The plan was simple – walk 2nd Street from Cedar north to Gilman, through the grit and chaos and decay of Berkeley’s dark satanic mills, humming to myself Blake’s Jersusalem. The music was written by Sir Hubert Parry in 1916. Blake wrote the words in 1804 or 1808. The poem was inspired by the apocryphal story that a young Jesus, accompanied by Joseph of Arimathea, travelled to what is now England and visited Glastonbury during his unknown years. Joseph of Arimathea assumed responsibility for the burial of Jesus after his crucifixion.
The verse that was relevant to the place:
And did the Countenance Divine,
Shine forth upon our clouded hills?
And was Jerusalem builded here
Among those dark Satanic Mills.
The hymn is found in the hymnal of the Church of England, but I do not think that it is found in the hymnal of the Episcopal Church, and it certainly wasn’t a part of boy days in chapel. What a song though!
Only a few minutes into our walk, John Storey and I had the same idea at the same time – this really should be shot in black and white. There already was a strong vibe of another-place and another-century, and the black and white enhanced that vibe big-time. This photo is where we were when we had the thought.
So – for the first time EVER! – a Quirky Berkeley post in glorious black and white.
My family did not buy a color television until 1972 after I left home in Pennsylvania and came to California. I did not know that this ….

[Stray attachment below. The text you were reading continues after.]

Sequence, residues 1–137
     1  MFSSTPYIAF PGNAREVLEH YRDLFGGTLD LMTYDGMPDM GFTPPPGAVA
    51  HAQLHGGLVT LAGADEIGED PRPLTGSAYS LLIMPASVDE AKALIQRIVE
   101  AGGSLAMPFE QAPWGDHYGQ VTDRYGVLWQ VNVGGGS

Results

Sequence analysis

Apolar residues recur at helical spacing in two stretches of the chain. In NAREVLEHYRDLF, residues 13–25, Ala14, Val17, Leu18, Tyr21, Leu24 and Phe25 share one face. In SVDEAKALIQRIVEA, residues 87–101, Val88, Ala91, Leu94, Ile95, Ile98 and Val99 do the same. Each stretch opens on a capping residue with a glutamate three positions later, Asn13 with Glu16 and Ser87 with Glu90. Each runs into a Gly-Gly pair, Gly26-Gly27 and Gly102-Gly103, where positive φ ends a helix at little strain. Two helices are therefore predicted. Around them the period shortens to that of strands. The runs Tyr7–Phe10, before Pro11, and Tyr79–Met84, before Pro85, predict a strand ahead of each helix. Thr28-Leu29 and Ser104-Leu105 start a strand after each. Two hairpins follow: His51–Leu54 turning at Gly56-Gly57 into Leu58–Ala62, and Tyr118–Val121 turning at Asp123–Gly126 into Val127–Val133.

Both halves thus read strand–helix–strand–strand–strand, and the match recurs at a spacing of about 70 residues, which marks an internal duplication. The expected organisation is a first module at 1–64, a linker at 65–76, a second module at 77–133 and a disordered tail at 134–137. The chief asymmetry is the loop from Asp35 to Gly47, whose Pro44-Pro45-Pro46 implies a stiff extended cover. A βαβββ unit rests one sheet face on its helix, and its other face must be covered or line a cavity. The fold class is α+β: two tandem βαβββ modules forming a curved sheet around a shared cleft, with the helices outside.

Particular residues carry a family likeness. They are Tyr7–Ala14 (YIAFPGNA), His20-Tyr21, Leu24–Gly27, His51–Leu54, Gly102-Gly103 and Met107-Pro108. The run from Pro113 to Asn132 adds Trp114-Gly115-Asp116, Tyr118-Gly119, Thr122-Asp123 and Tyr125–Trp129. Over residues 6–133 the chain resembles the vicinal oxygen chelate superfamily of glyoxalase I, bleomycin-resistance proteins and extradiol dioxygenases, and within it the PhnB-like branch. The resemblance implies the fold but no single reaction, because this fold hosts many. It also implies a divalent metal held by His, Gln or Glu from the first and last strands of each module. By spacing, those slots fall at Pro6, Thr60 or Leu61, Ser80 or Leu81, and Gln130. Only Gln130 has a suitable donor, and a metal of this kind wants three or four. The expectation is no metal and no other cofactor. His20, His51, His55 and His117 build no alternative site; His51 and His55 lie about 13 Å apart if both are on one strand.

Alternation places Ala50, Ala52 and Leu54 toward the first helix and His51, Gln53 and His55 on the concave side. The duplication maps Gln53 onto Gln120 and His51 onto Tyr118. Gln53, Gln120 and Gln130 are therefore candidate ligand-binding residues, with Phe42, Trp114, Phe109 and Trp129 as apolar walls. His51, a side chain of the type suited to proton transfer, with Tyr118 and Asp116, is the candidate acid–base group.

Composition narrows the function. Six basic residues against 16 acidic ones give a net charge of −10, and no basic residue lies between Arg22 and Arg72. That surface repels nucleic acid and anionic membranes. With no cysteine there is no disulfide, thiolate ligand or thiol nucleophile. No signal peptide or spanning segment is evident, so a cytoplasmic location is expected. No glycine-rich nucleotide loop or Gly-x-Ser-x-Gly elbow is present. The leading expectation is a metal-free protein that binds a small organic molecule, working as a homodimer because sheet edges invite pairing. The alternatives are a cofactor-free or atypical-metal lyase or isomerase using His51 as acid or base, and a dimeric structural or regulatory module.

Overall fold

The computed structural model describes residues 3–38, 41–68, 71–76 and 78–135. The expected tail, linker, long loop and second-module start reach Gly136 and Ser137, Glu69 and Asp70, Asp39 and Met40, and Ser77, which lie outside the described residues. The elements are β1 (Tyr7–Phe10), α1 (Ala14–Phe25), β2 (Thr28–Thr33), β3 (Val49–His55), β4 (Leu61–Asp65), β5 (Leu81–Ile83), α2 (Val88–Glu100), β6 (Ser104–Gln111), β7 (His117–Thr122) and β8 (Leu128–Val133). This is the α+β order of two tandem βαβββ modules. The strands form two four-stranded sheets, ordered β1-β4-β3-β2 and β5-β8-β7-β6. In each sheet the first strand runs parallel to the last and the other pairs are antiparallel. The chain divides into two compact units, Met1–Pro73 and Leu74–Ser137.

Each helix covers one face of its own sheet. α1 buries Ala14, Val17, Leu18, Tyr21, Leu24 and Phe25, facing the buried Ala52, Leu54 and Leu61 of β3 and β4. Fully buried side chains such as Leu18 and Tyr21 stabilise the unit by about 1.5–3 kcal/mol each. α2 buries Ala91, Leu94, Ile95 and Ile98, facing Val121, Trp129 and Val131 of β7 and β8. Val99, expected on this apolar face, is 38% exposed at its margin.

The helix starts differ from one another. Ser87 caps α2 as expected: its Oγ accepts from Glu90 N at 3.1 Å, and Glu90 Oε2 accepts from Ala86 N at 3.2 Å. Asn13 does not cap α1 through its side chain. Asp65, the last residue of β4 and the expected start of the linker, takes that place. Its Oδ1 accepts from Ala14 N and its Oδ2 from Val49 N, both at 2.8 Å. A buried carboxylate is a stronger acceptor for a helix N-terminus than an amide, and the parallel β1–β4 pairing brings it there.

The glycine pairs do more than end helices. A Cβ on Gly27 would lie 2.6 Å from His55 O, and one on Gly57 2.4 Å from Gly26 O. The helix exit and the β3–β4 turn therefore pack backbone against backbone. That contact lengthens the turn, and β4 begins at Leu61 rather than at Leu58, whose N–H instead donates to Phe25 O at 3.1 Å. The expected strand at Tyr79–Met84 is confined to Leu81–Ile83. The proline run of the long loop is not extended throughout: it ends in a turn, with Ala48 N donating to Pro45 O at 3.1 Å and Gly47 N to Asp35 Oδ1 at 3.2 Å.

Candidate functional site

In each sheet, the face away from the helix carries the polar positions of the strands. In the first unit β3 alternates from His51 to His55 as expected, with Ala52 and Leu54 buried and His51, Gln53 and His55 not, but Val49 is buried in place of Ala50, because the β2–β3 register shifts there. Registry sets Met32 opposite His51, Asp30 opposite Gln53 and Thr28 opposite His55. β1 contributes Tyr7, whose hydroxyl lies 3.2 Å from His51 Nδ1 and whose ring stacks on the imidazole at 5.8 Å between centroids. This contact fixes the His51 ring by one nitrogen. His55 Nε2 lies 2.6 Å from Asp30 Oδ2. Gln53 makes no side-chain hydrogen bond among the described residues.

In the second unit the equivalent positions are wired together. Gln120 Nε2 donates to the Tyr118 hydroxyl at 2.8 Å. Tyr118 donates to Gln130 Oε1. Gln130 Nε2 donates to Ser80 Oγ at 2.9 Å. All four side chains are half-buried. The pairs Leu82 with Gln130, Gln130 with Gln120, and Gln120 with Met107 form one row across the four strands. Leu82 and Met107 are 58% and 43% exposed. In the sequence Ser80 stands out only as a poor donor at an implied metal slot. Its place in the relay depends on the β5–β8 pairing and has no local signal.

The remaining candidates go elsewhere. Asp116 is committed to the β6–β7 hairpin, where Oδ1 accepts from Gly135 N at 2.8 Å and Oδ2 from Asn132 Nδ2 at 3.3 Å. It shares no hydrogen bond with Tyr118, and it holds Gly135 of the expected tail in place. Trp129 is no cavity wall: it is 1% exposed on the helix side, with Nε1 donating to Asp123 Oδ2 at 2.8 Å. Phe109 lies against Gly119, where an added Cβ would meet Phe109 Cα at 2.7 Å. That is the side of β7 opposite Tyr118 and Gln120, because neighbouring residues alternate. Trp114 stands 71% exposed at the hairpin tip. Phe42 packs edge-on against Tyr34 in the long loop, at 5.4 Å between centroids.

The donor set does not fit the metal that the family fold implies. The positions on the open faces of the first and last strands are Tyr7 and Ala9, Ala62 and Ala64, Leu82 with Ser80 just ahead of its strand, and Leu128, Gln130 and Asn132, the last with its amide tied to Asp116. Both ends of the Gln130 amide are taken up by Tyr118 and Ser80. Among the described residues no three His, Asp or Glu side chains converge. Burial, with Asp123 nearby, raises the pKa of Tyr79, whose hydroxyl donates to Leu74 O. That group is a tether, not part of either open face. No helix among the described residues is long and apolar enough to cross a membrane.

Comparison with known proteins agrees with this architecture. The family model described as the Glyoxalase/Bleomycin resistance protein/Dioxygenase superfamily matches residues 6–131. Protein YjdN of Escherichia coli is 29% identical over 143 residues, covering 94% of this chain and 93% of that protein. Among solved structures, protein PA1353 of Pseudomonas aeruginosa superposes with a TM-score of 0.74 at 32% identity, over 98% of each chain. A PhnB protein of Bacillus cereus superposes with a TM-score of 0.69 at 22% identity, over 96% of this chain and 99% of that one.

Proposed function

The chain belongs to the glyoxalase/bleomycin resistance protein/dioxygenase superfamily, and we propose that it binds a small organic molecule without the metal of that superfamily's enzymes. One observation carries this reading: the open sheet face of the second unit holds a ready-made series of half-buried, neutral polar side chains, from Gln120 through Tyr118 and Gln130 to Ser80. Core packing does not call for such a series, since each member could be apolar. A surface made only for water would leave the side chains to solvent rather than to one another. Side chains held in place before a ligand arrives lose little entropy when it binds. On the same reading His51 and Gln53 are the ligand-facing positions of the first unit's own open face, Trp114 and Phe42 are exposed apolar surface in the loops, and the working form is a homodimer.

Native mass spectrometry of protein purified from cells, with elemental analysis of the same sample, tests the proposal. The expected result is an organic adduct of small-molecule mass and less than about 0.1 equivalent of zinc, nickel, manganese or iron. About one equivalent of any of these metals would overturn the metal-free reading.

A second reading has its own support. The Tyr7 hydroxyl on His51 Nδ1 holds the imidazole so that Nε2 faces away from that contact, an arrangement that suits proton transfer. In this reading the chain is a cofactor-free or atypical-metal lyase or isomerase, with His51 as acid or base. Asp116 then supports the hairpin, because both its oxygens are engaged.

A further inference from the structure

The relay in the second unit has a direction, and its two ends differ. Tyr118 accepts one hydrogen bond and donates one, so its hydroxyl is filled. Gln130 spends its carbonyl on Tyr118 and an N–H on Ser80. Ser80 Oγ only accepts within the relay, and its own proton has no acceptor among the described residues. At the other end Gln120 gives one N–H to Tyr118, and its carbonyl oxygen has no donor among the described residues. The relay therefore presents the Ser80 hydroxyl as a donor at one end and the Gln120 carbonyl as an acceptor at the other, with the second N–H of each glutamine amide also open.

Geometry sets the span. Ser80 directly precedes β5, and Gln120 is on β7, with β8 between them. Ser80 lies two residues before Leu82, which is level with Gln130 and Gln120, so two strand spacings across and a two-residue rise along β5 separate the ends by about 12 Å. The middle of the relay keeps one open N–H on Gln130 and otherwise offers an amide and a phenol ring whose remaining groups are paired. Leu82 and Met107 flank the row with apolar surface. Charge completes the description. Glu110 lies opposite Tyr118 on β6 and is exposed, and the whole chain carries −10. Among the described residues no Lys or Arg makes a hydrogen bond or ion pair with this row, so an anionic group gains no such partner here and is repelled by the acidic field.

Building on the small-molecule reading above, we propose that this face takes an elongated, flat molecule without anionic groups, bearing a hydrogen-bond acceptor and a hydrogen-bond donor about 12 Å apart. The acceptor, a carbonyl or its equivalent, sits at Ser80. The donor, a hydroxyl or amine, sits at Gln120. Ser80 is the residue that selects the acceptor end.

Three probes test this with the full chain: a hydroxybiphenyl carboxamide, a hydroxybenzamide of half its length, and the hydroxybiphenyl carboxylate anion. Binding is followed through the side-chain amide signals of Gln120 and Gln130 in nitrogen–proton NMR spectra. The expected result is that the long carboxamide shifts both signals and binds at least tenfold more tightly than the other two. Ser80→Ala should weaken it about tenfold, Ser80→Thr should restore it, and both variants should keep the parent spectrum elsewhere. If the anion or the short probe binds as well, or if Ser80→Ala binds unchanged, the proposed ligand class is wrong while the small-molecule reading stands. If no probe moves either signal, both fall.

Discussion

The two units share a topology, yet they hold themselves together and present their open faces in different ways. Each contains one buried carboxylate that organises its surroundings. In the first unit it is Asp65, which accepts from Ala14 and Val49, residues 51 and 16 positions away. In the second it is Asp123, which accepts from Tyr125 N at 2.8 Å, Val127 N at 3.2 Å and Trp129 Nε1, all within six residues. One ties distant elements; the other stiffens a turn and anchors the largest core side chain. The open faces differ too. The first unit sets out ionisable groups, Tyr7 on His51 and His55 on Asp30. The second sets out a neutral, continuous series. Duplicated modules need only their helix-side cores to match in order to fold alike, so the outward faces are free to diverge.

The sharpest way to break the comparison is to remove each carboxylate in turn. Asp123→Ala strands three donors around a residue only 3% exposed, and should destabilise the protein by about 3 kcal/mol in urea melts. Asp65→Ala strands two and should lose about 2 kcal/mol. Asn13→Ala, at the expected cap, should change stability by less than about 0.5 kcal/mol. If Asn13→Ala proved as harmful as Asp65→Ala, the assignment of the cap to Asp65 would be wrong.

turned into this.
The point being, there were a few shots on 2nd Street that called for color. Who was I to deny it?
And then this happy little fire plug:
These photos are the exceptions that prove the rule – exceptio probat regulam in casibus non exceptis. Going black and white was a bold and brilliant idea.
It may seem that I am being a hopeless romantic about Berkeley’s dark satanic mills. They are dark and they are Satanic – the jobs were dirty and dangerous and loud and physically demanding. The air and soil and water all suffered. That said, the industrial architecture in industrial Berkeley is of aesthetic and cultural interest to me. All around America, industry has been leaving America, especially cite and their metropolitan areas. The derelict land and dilapidated buildings they leave with considerable environmental remediation needed is a big challenge. One hopes that Berkeley’s solution is not to replicate the model of Emeryville and Bay Street.
The factories and forges and foundries were once an essential component of Berkeley, a counterbalance to the wealth of the hills and the intellectualism of the University. As we lose these factories and as the neighborhoods where the workers once lived fall to the forces of gentrification, we lose the balance that we had. With gentrification comes the loss of working-class culture and the importation of white suburban values. Scratch a YIMBY advocate and you’ll find suburban Ohio values and tastes. No thanks!
I showed the draft post to my friend.
He handed me this photo. “I think of your friend Debbie singing Jerusalem and you playing the piano.”
Indeed. This photo was taken in late 2011. Lucas the little polydactyl cat with a stubby nub of a tail walked away and found somewhere to hide and die in July 2014. Debbie died in the fall of 2014. Nina the dog who loved Debbie dearly died in January 2017. All gone. Oh my. And, yes, Debbie did love Jerusalem and she sang it beautifully with her Broadway voice. We played Jerusalem as performed by the BBC Concert Orchestra at her memorial service. Oh my.
Way to bring me down my friend!
What did he think of the post?